While the terminology has advanced from 'ASP' (Application Service Provider) to 'on-demand' to 'hosted applications' to 'Software as a Service' (SaaS) to the current moniker of 'cloud computing', the concept of consuming customer relationship management software systems delivered over the Web based on a subscription pricing model continues to achieve double digit market growth and be the top agenda item on the CIO's review list. Now with fever pitch hype and media, IT buyers want clear explanation, lessons learned and measurable benefits when evaluating the decision to outsource their IT responsibilities.
CRM Software In The Cloud
Cloud computing is a method of information technology consumption in which dynamically scalable and often virtualized resources are provided as a service over the Internet based on a subscription pricing model. Cloud benefits include accelerated deployment, on-demand scalability, predictable expenditures, lower total cost of ownership and increased focus on core competencies.
Cloud Computing Thought Leaders In Their Own Words
Michael Fauscette, Director of IDC's Software Business Solutions Group, shares research data, statistics and insight that demonstrate the factors that most influence cloud adoption by market segment and business benefit—and how IaaS, PaaS and SaaS are evolving to deliver new decision and relationship value to historically transactional business systems. Michael Fauscette podcast ...
Martin Schneider, Research Manager of Enterprise Software for 451 Research, shares why CRM systems have pioneered the enterprise software movement to the cloud, and why other applications such as ERP and HCM are following in large numbers. He also discusses key cloud factors such as security, SLAs, portability, online marketplaces and vendor lock-in. Martin Schneider podcast ...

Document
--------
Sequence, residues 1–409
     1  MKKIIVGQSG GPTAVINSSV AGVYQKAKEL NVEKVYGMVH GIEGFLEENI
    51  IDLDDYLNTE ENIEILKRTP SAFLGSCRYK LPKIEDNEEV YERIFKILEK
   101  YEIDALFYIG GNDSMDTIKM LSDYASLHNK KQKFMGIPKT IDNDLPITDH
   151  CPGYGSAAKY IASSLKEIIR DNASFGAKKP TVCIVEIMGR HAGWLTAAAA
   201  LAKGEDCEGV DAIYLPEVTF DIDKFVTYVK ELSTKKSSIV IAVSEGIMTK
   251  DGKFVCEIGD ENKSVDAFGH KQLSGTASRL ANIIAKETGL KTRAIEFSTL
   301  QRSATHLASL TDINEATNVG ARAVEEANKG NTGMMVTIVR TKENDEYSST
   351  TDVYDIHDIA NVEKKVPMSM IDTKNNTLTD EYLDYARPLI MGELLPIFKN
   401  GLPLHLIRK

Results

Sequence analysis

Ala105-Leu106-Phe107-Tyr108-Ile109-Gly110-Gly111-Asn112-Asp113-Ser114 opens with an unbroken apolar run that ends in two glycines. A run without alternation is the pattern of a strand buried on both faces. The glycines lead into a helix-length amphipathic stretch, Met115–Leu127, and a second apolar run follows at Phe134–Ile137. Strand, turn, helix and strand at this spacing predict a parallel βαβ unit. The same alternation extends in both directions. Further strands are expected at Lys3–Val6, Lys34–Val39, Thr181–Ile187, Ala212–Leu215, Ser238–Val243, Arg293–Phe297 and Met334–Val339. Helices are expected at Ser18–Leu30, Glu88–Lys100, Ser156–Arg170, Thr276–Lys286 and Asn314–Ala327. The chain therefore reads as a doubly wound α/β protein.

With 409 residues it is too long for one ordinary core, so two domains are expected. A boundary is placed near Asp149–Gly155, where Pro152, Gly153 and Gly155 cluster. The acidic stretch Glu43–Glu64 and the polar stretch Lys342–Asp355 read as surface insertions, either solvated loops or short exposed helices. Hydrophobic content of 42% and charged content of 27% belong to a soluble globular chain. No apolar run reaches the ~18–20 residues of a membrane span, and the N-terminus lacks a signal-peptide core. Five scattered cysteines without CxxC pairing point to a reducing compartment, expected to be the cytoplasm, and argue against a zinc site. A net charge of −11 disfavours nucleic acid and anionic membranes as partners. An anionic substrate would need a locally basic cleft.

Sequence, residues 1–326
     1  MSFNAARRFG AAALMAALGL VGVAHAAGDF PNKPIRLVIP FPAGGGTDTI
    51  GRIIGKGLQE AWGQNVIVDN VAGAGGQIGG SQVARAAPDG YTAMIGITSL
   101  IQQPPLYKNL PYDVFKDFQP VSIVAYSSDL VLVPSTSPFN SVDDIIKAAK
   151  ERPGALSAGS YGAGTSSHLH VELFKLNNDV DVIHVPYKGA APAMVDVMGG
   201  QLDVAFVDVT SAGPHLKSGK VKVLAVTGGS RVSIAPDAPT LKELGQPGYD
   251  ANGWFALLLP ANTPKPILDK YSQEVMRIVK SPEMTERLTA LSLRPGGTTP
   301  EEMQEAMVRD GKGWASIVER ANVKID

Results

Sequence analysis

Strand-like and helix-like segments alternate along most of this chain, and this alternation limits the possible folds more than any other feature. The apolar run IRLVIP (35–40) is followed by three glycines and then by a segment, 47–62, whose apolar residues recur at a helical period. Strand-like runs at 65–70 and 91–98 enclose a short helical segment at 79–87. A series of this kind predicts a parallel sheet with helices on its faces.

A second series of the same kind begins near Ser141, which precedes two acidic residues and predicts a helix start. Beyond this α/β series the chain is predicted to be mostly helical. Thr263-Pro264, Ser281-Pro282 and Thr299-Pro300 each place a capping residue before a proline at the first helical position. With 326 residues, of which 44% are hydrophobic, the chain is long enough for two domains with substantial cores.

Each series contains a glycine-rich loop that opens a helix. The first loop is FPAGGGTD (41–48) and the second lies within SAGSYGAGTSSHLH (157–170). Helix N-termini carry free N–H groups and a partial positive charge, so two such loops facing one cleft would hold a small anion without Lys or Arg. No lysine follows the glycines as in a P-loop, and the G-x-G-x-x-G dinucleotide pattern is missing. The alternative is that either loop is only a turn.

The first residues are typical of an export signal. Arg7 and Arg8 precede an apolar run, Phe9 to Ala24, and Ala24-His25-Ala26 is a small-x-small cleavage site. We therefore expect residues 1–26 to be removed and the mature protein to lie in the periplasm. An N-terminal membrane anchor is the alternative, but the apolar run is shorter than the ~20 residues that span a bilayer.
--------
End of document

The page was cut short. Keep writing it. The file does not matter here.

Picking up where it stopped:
The 7 Deadly Sins of SaaS CRM
With SaaS CRM continued growth comes continued challenges. Cloud security threats remain a lingering concern for many, user adoption challenges have shifted but remain a change management struggle, well publicized CRM implementation failure rates continue and customer churn among some SaaS vendors is unacceptably high. These are but a few examples of the risks that accompany SaaS CRM solutions. This white paper examines 7 SaaS CRM threats and missed opportunities and suggests mitigating strategies for each. Read The 7 Deadly Sins of SaaS CRM »
Lars Dalgaard used SAPPHIRE NOW to articulate the company's go-forward cloud strategy. The strategy emphasized a plan to modularize or deliver cloud apps a la carte—which is seemingly the opposite of the Business ByDesign value proposition. Here's why ByDesign has failed to launch and how that failure is masking the biggest cloud opportunity facing SAP.
Oracle's Exalogic Elastic Cloud promises reduced costs through improved simplicity and pre-packaged integration among hardware, platform software and business apps. NetSuite has standardized on it while Salesforce.com's Marc Benioff laments it. In this review we look at the promises and potential for Exalogic to impact the CRM and business apps landscape.
As part of his presentation at Gitex Dubai, CRMsearch blogger Chuck Schaeffer delivered "The Risks and Rewards of Software as a Service CRM" as a decision framework for business executives and IT buyers to compare and contrast the most salient factors and differences of on-premise and on-demand customer relationship management systems.
Rick compares the IT acceptance and market growth of cloud computing while breaking out cloud layers such as software as a service (SaaS), Platform as a Service (PaaS) and Infrastructure as a Service (IaaS). Putting aside the market hype, there is plenty of opportunity and due diligence for business and IT buyers considering a cloud computing strategy.
Just the thought of security breaches can cause executives to shudder, and approach cloud computing with great trepidation. However, to truly understand the information security exposure and risks associated with the cloud, a deeper examination is required. Here we flush out the facts and analyze the pros and cons of cloud security.